By Paul Kleutghen | Posted - Jan 18th, 2021

 

 

 

 

The Positive Effect of Consolidation Therapy in Multiple Myeloma

It always interesting to talk to fellow multiple myeloma patients and learn about different treatment regimens and experiences they have had compared to our own. A case in point is that some of us have had ‘high dose’ consolidation therapy before starting maintenance and others haven’t. The question arises naturally then, ‘What provides the best outcome for us ?’ Up until now the evidence of what is best has essentially been anecdotal and somewhat dependent on the preferences of the treating medical team. The following large study showed that consolidation made a big difference in depth of response, duration of response (but not when reviewed at 5 years)  

Editor's note: Consolidation therapy means using the same therapy (typically) that was used during induction therapy. It is usually a combination of myeloma therapies used at the same dose and frequency as the induction therapy and is used for 2-12 months following a stem cell transplant. This is different from maintenance therapy that is usually a single therapy at a lower dose used for several years or indefinitely following stem cell transplant. 

A head-to-head, large study has been completed in Europe, driven by the European Myeloma Network and headed by Dr. Pieter Sonneveld (Erasmus Medical Center Cancer Institute in the Netherlands). This is the FIRST randomized trial that prospectively studied the role of consolidation therapy for newly diagnosed myeloma patients. The study started out with close to 1,200 patients that were randomly assigned to one of two treatment groups.  About 500  patients  received treatment that did not involve a stem cell transplant, and about 700  underwent either single or tandem stem cell transplants. Upon completion of the initial treatment process 878 patients were again randomly assigned to either immediately start maintenance or to start a consolidation treatment followed by maintenance (both groups were nearly equal in size).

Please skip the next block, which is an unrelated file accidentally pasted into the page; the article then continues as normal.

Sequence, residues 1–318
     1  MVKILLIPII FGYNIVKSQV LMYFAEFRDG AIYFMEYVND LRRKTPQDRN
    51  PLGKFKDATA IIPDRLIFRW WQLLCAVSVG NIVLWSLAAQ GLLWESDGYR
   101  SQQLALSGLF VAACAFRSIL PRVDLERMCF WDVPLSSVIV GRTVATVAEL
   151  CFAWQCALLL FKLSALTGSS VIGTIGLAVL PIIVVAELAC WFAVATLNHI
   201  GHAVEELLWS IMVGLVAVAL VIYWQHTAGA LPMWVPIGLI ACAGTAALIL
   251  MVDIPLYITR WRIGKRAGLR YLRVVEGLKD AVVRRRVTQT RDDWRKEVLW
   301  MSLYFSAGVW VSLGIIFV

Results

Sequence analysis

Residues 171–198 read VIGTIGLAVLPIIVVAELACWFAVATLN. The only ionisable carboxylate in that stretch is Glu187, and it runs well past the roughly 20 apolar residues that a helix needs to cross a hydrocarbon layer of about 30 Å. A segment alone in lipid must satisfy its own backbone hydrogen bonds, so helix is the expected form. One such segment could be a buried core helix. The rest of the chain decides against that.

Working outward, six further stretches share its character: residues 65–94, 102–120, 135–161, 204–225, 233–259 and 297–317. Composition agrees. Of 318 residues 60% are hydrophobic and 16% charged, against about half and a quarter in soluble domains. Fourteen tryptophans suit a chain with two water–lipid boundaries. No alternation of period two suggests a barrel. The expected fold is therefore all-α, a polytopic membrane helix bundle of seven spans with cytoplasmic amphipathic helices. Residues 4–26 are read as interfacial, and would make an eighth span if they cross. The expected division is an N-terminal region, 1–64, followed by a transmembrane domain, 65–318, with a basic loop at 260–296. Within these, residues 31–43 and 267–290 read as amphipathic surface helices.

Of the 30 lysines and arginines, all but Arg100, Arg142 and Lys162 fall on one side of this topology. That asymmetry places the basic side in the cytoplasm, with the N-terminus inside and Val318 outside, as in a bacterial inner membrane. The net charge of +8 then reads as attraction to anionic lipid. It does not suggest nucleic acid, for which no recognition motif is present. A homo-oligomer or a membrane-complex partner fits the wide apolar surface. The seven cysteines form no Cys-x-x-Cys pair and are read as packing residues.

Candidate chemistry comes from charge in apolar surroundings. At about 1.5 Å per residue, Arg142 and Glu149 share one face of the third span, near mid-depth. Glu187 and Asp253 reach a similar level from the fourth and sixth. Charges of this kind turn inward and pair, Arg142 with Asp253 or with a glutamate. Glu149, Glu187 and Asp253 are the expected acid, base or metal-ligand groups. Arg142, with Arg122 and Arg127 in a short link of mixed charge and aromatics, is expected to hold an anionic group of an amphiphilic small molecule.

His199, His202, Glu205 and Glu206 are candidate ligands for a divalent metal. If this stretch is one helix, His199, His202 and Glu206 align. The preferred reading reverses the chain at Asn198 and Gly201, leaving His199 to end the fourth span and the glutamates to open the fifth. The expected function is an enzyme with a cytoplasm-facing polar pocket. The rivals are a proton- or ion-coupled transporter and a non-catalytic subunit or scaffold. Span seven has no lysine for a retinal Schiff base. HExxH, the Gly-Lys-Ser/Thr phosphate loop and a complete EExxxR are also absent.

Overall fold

“Consolidation included two 28-day cycles of VRD, which consisted of IV or subcutaneous bortezomib dosed at 1.3 mg/m2 on days 1, 4, 8 and 11; lenalidomide dosed at 25 mg orally on days 1 through 21; and dexamethasone dosed at 20 mg orally on days 1, 2, 4, 5, 8, 9, 11 and 12. Maintenance consisted of lenalidomide 10 mg daily until disease progression or unacceptable toxicity. The consolidation and no-consolidation groups were balanced with regard to age (median, 58 years vs. 57 years), sex (male, 57% vs. 58%), International Staging System stage (stage I, 42% vs. 42%; stage II, 40% vs. 37%) and percentage of patients high-risk cytogenetics (22% vs. 22%).”

Patients were followed-up for a median period of 84 months. The results are very interesting:

  • 59 % of patients in the ‘consolidation’ group achieved either stringent complete response or complete response, compared to 46 % in the no-consolidation group
  • The patients in the ‘consolidation’ group showed better progression free (PFS) survival (59 months compared to 43 months)
  • The ‘consolidation’ cohort had a higher 5-year PFS rate (50 % compared to 42 %)
  • “Researchers observed the PFS benefit across most predefined subgroups — including those with International Staging System stage I to stage III disease and standard-risk cytogenetics — and regardless of treatment group assignment during first randomization.”
  • The median period of Revlimid maintenance was 33 months and nearly 1/3 of the patients in the ‘maintenance’ cohort were still in maintenance 5 years after starting this stage of their treatment
  • So far, no difference in Overall Survival has been noted yet but patients continue to be followed-up and this statistic will be updated in the future
  • A similar percentage of patients in both groups developed secondary primary malignancies (not including skin cancers)

Those who would like to know more details can refer to the highlighted article. The long and the short conclusion of this study is that consolidation treatment before maintenance improves outcomes for transplant-eligible, newly diagnosed myeloma patients.

 

 

 

 
Paul Kleutghen
About the Author

Paul Kleutghen - I am a patient diagnosed in 2014 with primary plasma cell leukemia (pPCL), a rare and aggressive variant of multiple myeloma and have been very fortunate to find treatment at the division of Cellular Therapy at the Duke University Cancer Institute. My wife, Vicki, and I have two adult children and a grandson who is the ‘light of my life’. Successful treatment has allowed Vicki and I to do what we love best : traveling the world, albeit it with some extra precautions to keep infections away. My career in the pharmaceutical industry has given me insights that I am currently putting to use as an advocate to lower drug pricing, especially prices for anti-cancer drugs and, very specifically, CAR-T therapies, with recent contributions posted by Health affairs, the Institute for Clinical and Economic Review and the Centers for Medicare and Medicaid Services.

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